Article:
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Subject: Recognition of US Judgments in Ireland
From: Mason Hayes & Curran <[log in to unmask]>
Reply-To:Irish and N. Irish Law
Date:Mon, 17 Jun 1996 08:15:28 +0100
Content-Type:text/plain
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text/plain (94 lines)


       =20
Dear Mr. Greenleaf,
 
I have received your E-Mail of 13 June 1996 regarding Enforcement of
Judgments in Ireland.   I am not aware of any treaty between the US and
Ireland regarding the enforcement of judgments.   Ireland is a party to the
Brussels Convention 1968 which deals with the enforcement of judgments
between EU Member States and the Lugano Convention which is an ancillary
convention applying to the EFTA Member States.  Judgments originating from
States outside of these countries may be enforceable in Ireland.  Unlike in
the case of Brussels/Lugano judgments, the existence of a judgment of
another State does not extinguish the original cause of action in Ireland.
Therefore, it is open to a Plantiff to proceed in Ireland either on foot of
the foreign judgment or, the original cause of action.  =20
 
There are three conditions for a foreign judgment to be recognised or
enforceable in Ireland:
 
a)      must be a judgment of a Court of competent jurisdiction
b)      the judgment must be final and conclusive
c)      the judgment must be for a definate sum of money
 
As to whether the foreign Court has competent jurisdiction, is determined by
reference to the Irish Rules on jurisdiction.   Generally the foreign Court
should be recognised by an Irish Court as being of competent jurisdiction=
 if:=20
 
a)      the foreign Court is a Court of the Defendant's residence and
b)      the Defendant has submitted to the jurisdiction of the Foreign
Tribunal either by entering an Appearance to proceedings, or by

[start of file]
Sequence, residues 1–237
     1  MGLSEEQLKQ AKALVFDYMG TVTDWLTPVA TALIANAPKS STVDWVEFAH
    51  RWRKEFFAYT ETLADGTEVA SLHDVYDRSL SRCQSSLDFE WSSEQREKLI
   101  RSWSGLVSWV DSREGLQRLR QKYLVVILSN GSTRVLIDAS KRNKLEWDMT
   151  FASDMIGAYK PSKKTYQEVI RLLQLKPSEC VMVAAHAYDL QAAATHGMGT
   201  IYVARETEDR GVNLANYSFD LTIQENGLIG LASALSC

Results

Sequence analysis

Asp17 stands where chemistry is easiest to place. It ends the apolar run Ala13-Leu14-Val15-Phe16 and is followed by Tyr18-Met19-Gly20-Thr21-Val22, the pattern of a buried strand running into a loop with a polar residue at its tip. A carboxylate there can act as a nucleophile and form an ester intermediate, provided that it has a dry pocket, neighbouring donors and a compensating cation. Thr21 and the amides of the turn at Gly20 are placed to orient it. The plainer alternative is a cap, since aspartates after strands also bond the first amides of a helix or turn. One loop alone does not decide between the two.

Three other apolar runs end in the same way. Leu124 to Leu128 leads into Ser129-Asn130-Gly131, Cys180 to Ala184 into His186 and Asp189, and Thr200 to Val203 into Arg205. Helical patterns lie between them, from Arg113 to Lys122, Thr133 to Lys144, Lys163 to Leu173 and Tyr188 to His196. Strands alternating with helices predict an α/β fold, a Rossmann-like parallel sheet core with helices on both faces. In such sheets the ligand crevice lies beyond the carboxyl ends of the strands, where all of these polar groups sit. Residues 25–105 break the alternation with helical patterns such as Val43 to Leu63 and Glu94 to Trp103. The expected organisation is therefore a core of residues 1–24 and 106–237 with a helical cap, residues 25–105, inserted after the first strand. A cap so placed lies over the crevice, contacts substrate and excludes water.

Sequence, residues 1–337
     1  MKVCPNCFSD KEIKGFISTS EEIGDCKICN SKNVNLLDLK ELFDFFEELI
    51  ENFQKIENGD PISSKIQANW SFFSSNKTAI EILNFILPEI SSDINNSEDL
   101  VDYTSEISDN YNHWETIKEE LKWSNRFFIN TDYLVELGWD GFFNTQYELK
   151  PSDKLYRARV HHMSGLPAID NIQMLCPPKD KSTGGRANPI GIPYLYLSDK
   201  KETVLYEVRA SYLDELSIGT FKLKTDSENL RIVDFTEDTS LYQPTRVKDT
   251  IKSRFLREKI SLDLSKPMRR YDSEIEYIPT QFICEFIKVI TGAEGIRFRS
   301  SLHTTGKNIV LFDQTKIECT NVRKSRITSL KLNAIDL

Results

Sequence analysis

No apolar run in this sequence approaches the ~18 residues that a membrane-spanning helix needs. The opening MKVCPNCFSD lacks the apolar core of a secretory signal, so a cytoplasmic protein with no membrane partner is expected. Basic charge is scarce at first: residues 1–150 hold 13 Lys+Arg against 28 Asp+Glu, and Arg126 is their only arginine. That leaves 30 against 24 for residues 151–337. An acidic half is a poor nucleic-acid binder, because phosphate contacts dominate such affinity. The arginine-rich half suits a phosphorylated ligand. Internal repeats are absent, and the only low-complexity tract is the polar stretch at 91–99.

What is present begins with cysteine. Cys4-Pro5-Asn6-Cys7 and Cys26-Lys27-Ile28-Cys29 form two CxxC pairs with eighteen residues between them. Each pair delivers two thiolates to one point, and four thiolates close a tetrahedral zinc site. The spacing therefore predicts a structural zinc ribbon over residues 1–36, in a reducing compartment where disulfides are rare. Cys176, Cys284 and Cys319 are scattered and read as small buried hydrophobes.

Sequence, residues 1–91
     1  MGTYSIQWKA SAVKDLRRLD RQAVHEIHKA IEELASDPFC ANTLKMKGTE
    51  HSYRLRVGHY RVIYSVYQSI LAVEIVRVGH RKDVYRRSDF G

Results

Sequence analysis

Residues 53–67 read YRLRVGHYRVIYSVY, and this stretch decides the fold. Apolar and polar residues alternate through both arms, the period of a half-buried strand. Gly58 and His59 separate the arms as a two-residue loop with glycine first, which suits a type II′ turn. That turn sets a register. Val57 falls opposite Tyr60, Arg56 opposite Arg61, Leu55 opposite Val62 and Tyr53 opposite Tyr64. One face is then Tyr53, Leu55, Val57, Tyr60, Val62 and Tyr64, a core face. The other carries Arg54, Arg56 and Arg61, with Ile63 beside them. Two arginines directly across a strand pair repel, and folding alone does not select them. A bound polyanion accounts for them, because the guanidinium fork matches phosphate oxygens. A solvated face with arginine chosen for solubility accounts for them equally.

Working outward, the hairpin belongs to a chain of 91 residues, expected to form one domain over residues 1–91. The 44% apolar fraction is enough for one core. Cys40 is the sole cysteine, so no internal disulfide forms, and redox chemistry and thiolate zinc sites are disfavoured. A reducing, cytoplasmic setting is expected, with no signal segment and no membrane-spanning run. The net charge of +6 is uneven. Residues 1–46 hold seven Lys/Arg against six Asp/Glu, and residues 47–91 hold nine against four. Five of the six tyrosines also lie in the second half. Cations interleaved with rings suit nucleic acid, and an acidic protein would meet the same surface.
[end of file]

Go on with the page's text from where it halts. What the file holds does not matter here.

contractually    submitting to the jurisdiciton of the Court
 
Judgment must be Final and Conclusive
It must be shown that the foreign Court conclusively establishes the
existence of the debt so as to make a res judicata. The judgment may be
enforceable even if the defendant is entitled to appeal, provided there is
no stay on execution pending an appeal in the foreign country. If an appeal
is pending but not subject to a stay in the foreign country, the Irish
Courts would most likely grant a stay on execution pending the outcome of
the appeal.    =20
 
Judgment must be for a definite sum
Once again unlike Brussels/Lugano judgments, the judgment must be for a
definite sum of money.     This is most recently been confirmed by the
Supreme Court in Kutchera - v - Buckingham Holdings 1988 IRLM 501.   The
Irish Courts are precluded from examining the foreign judgment on the
merits.   However, certain defences are available to the defendant, such as
fraud, public policy, including Irish Constitutional concepts of due
process, and in relation to the recognition and enforcement of foreign
divorces and ancillary orders.     Proceedings to enforce a judgment
instituted more than six years from the date of the judgment may be statute
barred, but the period begins to run from the date when the defendant enters
the jurisdiction. =20
 
In Ireland the basis of the jurisdiction for particular action depends on
the monetary value of the claim and the geographical location of the
defendant.  The Irish High Court has jurisdiction in claims of IR=A330,000=
 and
over throughout the State.  The Circuit Court deals with claims between
IR=A35,000 and one - IR=A330,000, and is divided into twenty six regions=
 known
as counties.    The District Court deals with claims from IR=A30 to IR=A35,0=
00
and deals with smaller geographical areas than in the Circuit Court.
Accordingly, when one is attempting to enforce a US Judgment for example,
one must examine both the amount of the judgment, and the location of the
defendant in order to decide which is the appropriate Court.  Generally, in
all Courts, the following documents would be required to enforce a judgment:
 
a)      a document instituting proceedings i.e. Summons/Writ
b)      a grounding Affidavit usually sworn by the Irish lawyer exhibiting
the  original/certified copy of the judgment
c)      an Affidavit of Service of the document used to institute
proceedings in the originating Court
d)      a translation of the judgment if not in the English or Irish=
 language
 
Where the originating State is a party to the Hague Convention on Service
Abroad 1965, it is important that the document instituting proceedings in
particular and all other documents which have been served, have been served
in compliance with the Hague Convention on Service Abroad.  If one fails to
serve proceedings pursuant to this Convention, the Irish Courts are likely
to refuse to enforce same.   =20
 
I hope that this is of some assistance to you, and if you wish to discuss
the matter please telephone me at + 353 1 6766961.  =20
 
Yours sincerely,
 
 
 
 
Mary McGregor
MASON HAYES & CURRAN  =20

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